Wildfire Safety

Wildfire Safety

Douglas, Jemma
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A drive through the Madison Valley reveals a charred landscape in place of the trees and natural greenery that most residents remember. Last year a human caused fire decimated the rolling hills surrounding Bozemanite’s favorite floating river. A similarly odd experience is a drive along East River Drive where last year the Pine Creek destroyed homes, forest, and part of the beloved Pine Creek Café

Last year alone, over one million acres of forest burned in Montana, most deep within the national parks land, but some of them neared our towns and put our population in danger. A conscientious resident of Southwest Montana should know how to prepare for a forest fire. As fire season comes upon us we’ve gathered the best preventative and preparedness tips for living within fire zone.

Know Your Environment
One of the easiest ways to stay safe is to be aware of fire conditions. Fires occur in hot, dry temperatures–—to check out the weather conditions for southwest Montana go to the National Weather Service. Like most years in recent history, Montana is in a drought; we are three to six inches below the normal precipitation of 185 inches. Because of the drought we have the dry part of the perfect recipe for fire down and with temperatures in the high 80s to 90s the hot portion is par for the course. Before you go out and play in the forest make sure to check local conditions, with our brittle forests fires ignite and spread quickly.

Know the Restrictions
The forest service places burn restrictions on personal fires to help protect your homes and land—don’t be a dumbass like the guy who started the Madison River Fire. There are two stages of fire restrictions, make sure to check which level your region is before striking a match. 

Stage One: In this stage campfires, stoves, and smoking outside of vehicles is prohibited but the Forest Service will allow specific campsites to be exempt, and individuals can apply for permits to allow burning. The fines range from $5,000-10,000 for ignoring these restrictions, and perpetrators are responsible for suppression costs if a fire results from their negligence. 

Stage Two: These restrictions are more severe and generally appear later in the fire season. In addition to the Stage One restrictions, drivers are prohibited to operate vehicles off designated roads between 1pm and 1am. More restrictive rules supersede everything else, so make sure to be aware of current restrictions. The Forest Service maintains a website to keep you informed of current burn restrictions in your area.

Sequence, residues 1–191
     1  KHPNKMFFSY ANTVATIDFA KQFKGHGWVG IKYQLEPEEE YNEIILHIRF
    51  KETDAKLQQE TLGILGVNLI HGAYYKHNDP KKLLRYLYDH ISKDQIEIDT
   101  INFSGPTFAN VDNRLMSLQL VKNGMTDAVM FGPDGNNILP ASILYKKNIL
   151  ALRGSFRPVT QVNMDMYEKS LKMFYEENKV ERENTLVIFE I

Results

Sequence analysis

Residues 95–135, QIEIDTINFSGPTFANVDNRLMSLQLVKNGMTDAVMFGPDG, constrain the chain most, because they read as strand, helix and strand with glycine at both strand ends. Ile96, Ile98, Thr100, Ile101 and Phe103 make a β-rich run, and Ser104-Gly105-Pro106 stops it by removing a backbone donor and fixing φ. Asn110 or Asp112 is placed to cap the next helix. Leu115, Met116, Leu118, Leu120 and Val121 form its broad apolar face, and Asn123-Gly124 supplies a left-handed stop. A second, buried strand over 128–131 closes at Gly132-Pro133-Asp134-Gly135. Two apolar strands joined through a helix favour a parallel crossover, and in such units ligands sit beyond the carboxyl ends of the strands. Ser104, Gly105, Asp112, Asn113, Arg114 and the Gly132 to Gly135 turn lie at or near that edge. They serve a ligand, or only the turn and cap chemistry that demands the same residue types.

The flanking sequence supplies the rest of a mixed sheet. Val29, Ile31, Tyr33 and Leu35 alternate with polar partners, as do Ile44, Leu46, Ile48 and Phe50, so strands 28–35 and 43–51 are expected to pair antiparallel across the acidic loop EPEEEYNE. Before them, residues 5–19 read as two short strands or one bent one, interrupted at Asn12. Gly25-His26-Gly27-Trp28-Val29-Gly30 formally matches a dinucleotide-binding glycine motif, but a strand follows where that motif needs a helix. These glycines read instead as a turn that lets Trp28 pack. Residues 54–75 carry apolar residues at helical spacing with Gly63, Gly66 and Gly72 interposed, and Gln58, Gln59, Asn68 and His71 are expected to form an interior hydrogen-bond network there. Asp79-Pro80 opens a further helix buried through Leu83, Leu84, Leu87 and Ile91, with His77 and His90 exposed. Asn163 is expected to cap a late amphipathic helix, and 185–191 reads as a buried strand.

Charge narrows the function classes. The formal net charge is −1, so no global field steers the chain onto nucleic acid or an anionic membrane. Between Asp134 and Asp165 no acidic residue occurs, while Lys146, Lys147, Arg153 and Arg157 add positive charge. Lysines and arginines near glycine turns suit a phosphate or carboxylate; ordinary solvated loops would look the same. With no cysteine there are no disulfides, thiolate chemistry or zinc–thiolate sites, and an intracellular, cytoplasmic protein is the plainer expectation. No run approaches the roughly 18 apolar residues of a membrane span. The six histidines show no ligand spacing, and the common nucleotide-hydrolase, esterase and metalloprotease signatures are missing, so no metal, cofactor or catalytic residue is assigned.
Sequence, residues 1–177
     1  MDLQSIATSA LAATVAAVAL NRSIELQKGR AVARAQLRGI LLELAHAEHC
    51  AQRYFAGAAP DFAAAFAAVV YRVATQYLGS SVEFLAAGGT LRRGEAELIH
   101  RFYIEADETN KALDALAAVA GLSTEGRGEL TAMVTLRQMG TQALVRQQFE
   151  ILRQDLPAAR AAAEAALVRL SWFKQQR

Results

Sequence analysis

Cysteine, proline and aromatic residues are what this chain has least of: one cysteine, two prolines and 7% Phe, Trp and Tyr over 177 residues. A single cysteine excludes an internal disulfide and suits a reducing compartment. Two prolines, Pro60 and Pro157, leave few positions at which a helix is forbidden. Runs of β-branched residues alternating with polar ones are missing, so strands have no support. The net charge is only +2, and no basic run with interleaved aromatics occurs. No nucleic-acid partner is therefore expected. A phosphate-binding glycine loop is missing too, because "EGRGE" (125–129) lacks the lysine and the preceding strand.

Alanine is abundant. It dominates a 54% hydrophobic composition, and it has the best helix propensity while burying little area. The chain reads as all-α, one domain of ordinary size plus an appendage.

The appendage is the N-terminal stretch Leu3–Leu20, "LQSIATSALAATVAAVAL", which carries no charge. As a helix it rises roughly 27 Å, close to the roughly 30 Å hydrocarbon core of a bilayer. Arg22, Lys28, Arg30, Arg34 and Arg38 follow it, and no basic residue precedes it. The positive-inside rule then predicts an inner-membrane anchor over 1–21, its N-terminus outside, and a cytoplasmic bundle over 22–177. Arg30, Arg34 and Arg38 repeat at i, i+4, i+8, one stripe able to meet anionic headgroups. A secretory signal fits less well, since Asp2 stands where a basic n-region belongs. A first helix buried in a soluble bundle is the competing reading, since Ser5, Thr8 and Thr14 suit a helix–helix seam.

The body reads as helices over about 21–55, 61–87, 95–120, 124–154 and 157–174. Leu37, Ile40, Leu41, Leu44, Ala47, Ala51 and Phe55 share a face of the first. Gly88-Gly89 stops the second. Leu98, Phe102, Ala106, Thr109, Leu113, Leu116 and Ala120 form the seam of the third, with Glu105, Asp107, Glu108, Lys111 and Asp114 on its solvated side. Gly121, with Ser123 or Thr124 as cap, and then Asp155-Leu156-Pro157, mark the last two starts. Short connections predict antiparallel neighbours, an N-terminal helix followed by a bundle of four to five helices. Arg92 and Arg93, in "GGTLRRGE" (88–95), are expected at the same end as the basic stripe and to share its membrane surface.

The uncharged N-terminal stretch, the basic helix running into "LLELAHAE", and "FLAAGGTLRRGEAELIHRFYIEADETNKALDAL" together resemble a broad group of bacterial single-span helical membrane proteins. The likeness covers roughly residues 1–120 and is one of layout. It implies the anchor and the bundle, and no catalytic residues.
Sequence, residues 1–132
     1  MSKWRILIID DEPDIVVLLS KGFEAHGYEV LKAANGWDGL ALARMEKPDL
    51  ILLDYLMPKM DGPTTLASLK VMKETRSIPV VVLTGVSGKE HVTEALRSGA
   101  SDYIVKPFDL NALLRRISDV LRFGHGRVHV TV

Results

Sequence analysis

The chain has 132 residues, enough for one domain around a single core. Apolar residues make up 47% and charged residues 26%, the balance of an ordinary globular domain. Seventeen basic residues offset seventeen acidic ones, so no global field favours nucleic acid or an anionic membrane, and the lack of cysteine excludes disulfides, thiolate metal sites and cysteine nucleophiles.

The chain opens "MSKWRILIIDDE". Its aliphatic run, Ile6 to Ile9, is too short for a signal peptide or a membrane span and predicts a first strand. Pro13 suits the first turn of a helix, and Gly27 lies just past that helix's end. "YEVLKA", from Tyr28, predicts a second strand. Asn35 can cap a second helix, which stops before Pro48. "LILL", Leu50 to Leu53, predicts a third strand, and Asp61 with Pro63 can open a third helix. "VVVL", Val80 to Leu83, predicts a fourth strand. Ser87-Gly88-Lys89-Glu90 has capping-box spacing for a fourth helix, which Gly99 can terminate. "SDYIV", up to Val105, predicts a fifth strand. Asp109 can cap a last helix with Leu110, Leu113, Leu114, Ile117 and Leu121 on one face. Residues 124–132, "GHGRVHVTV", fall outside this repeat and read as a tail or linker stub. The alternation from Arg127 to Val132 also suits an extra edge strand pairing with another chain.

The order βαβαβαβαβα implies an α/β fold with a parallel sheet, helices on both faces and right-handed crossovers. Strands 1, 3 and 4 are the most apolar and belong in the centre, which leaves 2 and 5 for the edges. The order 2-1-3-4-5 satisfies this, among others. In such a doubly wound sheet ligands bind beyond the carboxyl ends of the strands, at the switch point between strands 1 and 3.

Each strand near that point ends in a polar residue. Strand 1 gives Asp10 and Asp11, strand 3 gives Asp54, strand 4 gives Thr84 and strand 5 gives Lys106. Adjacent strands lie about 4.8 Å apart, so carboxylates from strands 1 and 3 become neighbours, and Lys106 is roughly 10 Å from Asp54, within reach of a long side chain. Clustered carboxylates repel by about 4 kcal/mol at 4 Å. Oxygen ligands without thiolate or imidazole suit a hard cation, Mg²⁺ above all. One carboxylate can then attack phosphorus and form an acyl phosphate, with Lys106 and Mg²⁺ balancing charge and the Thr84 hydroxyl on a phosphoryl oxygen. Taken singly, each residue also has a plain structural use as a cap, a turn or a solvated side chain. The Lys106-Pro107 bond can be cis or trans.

Evacuations
Gallatin Valley residents like to live as close to nature as we can. Most of the time this allows us to see wildlife up close, stay away from pesky neighbors, and live in solitude. However, these homes that border the national forest are also right in the path of a wild fires and residents need to be prepared for evacuation alerts. 

In order to protect residents the Sheriff’s Office has a two-step warning process. These notices are often delivered door-to-door but check out the news for bulletins from the Sheriff.

First Notice: This is a pre-evacuation warning which means that there’s a chance that an evacuation will be needed, and is the homeowner's cue to start packing evacuation supplies. Once an area is evacuated, no one is allowed back until the fire is controlled. 

What to Pack: Evacuation kits need to include important documents, medication, clothing, and cell phone chargers. It might be several days before residents are allowed back onto their properties so bringing everything the first time is paramount. The Sheriff’s Office has evacuation packets and information for homeowners, available at their South 16th location.

Second Notice: The second notice is an order to go. When the Sheriff’s Office releases this announcement, it means the homes are in direct danger of the blaze and evacuation needs to happen quickly. The motto for evacuation is: leave early so that you don’t put others in danger. Residents can't be forced to leave their property, but people who plan to stay need to be prepared. If you plan on staying, YOU MUST STAY. Fire fighters will not put their lives in danger saving you if you’ve been dumb and thought your things were more important than your life.

Evacuating quickly and efficiently is crucial—if people clog up the road leaving too late, firefighters can't get through to protect the homes. Making everything run smoothly and safely will allow the greatest protection for residential areas.

Southwest Montanans need to be aware and involved in fire management. If you follow these tips and check fire conditions in your area we can all be safer during fire season. 

For information and updates on current conditions and wildfire safety in the Gallatin Valley, check out these links:


–For up to date information about fires specific to Montana, go to Northern Rockies Coordination Center.
–To apply for a Burn Permit.

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